Verizon (NYSE: VZ) has fired back at the Communications Workers of America's (CWA) claims that it has turned its back on its existing copper networks in its wireline region.
In an FCC filing, Verizon said that the CWA misinterpreted a statement it made in a July letter to the FCC about how much it invests on its copper network.
"As we explained in that letter, Verizon takes reasonable steps to ensure its copper network remains healthy and, contrary to CWA's suggestions, has not engaged in widespread "de facto" retirement of copper," Verizon said in an FCC filing. "As part of that discussion, we wrote that Verizon since 2008 has spent more than $200 million on its copper network. CWA has seized on that comment, taken it out of context, and tried to use it to create the false impression that this was all of the money that Verizon has spent to keep copper in service."
Verizon contends that the "more than $200 million" it referenced does not relate to all of the capital dollars the telco has made in maintaining its copper network.
"Instead, that figure included only one category of capital investments, dedicated to copper infrastructure improvement and focused on proactive rehabilitation of copper facilities and related network support elements -- i.e., cable, air pressure, batteries, etc," said Verizon. "That figure does not represent all of the capital Verizon has invested in its copper network, nor does it include the significant expenses incurred in connection with the copper network, including maintenance and repair costs. Instead, those dollars were uniquely relevant to the issues the Commission then was considering."
De facto copper retirement is a process where a telco will let their aging copper plant deteriorate to the point where it would become necessary to replace the copper with fiber.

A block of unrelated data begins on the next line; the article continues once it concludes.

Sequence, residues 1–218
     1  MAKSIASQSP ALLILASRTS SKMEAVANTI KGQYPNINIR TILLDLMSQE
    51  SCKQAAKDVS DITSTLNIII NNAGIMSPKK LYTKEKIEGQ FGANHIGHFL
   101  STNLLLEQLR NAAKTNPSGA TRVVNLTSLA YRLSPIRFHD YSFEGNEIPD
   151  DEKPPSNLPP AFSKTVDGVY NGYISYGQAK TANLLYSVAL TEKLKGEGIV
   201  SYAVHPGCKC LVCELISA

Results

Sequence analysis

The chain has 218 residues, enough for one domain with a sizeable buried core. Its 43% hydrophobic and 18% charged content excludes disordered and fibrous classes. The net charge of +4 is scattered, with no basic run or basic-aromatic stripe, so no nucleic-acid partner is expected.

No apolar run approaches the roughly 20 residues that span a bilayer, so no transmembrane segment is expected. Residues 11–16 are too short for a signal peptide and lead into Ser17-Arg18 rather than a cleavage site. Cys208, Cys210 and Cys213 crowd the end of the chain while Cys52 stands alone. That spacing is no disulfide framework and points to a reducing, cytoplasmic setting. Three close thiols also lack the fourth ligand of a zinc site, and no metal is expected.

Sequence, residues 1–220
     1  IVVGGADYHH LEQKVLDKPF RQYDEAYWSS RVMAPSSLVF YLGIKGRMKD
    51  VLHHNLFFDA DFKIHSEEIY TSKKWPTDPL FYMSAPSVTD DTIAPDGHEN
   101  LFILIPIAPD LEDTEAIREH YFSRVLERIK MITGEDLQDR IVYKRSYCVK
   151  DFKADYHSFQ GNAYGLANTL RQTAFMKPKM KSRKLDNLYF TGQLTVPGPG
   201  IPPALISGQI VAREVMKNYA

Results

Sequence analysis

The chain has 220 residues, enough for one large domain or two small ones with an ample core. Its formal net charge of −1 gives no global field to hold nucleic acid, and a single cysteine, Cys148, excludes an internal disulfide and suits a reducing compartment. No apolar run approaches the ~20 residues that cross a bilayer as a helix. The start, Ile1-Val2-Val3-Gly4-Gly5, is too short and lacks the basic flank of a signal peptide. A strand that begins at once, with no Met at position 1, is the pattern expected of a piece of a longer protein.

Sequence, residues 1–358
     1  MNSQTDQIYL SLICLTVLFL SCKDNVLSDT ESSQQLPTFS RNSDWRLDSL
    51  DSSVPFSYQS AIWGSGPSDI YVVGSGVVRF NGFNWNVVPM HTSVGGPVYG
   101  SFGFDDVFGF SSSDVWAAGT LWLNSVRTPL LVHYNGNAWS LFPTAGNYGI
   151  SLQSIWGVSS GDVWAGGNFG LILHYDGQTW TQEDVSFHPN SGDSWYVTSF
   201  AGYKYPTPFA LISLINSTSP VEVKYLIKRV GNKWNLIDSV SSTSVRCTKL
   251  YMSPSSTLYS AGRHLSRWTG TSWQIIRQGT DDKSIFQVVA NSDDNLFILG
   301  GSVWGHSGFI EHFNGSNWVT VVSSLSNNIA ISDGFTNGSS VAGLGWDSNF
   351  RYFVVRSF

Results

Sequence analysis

Joining CenturyLink (NYSE: CTL), Verizon said its letter was sent to the FCC in order to illustrate its claim that the de facto copper retirement concept is a "myth" and there's no need to include new requirements addressing the issue in its technology transition plans.
CWA, which is still in the process of negotiating a labor agreement with Verizon, asked that federal and state regulators in the 11 states where Verizon operates wireline networks investigate its claims that the telco is not performing necessary repairs and upkeep on its copper landline networks. The union has filed letters to regulators in six states and Washington, D.C.
Nevertheless, copper maintenance and retirement has become an ongoing battleground between the ILECs, CWA and the CLECs that purchase facilities to deliver business services to their customers.
Seeing greater efficiencies with fiber, Verizon has been aggressively retiring consumer copper lines throughout parts of its wireline footprint.
At the end of the second quarter of 2015, Verizon reported that it had converted 51,000 customers off of copper to fiber, bringing its first-half total to 98,000. It has set a full-year goal to convert 200,000 customers.
Meanwhile, CLECs like XO Communications and Windstream, two providers that use ILEC copper loops to provide Ethernet over Copper (EoC) services to complement its fiber product set, are concerned about how the incumbents' copper retirement could affect their ability to deliver business services.
XO had previously asked for a one-year notice on copper retirement, a request that Verizon and US Telecom said would delay the IP transition.
- see this FCC filing (PDF)
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